Taking Care of Yourself and Maintaining Balance

It is important to remember that the structure of the conference is not set in stone and there won’t be someone at before each speaker calling off a roll of names taking attendance. You will be able to get more out of the conference if you are healthy, happy and alert then if you dutifully sit through every single speaker, in the processes burning yourself out. The conference may get your adrenaline flowing but be sure to take frequent breaks if you need them and to keep up your regular eating habits. It is tempting to while away from home to over indulge by eating or drinking too much but you will do nothing lying in bed sick in your hotel room. Take advantage of the amenities the hotel will offer such as the pool, spa and exercise room. Don’t forget to set aside a moment to return to your emotional and spiritual center. An afternoon nap is a great way to enjoy late night networking and fellowship with your peers while avoiding feeling tired the next day. While all of this may seem like you are taking a free vacation on the company dime this is by no means what I am suggesting. My point is to make the most of your conference so that you can be at your most effect. Many of your most important contacts and relationships are found in events outside of the official conference such as informal lunches or late night drinks. This type of networking is invaluable and can offer insights that could not be gained else where.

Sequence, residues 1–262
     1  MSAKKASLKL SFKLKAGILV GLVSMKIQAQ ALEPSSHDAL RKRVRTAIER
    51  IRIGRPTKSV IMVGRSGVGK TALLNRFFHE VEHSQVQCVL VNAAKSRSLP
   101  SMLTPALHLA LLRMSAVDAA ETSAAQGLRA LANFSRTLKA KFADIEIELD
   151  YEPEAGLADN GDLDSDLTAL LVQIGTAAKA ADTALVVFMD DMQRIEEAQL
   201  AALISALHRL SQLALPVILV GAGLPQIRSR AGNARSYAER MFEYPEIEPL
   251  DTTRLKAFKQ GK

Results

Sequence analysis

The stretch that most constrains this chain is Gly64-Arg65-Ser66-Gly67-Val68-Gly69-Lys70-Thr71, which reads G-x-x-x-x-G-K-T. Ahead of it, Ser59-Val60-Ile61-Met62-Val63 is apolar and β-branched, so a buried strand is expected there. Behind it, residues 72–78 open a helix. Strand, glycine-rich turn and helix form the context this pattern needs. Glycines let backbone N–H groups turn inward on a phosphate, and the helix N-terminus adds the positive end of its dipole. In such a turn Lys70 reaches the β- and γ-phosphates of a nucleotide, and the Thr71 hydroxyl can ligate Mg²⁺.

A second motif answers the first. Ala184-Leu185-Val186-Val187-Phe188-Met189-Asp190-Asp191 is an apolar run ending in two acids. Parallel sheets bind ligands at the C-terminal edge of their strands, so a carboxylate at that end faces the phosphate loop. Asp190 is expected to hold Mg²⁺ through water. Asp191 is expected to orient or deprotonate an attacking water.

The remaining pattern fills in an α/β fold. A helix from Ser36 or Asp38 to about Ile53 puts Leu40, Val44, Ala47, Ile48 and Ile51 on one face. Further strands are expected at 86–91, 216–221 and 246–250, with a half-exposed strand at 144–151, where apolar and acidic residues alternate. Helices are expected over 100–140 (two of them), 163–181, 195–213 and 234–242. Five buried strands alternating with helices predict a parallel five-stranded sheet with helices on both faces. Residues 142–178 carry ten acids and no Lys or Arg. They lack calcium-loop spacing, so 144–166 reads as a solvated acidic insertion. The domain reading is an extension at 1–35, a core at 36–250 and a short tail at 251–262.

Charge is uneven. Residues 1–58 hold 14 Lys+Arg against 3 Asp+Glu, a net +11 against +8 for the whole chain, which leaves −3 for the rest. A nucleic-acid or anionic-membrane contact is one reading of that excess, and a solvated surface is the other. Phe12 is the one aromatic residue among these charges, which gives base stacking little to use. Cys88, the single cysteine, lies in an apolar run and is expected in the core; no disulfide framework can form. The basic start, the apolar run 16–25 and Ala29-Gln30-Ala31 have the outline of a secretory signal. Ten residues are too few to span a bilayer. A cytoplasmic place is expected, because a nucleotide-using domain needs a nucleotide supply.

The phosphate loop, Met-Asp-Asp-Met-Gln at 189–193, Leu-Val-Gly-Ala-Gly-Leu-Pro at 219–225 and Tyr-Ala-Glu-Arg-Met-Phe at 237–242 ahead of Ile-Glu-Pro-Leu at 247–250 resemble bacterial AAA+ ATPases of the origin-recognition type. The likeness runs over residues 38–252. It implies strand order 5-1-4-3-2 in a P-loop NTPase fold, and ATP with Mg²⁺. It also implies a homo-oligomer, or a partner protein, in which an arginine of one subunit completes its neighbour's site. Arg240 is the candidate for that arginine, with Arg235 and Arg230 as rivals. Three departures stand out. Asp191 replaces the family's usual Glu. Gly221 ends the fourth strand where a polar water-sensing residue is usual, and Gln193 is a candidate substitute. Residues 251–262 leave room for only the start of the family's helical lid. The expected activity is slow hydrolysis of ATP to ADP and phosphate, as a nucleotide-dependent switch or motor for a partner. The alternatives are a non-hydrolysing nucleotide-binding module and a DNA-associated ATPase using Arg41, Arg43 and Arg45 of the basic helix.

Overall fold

Take Away the Most You Can from the Conference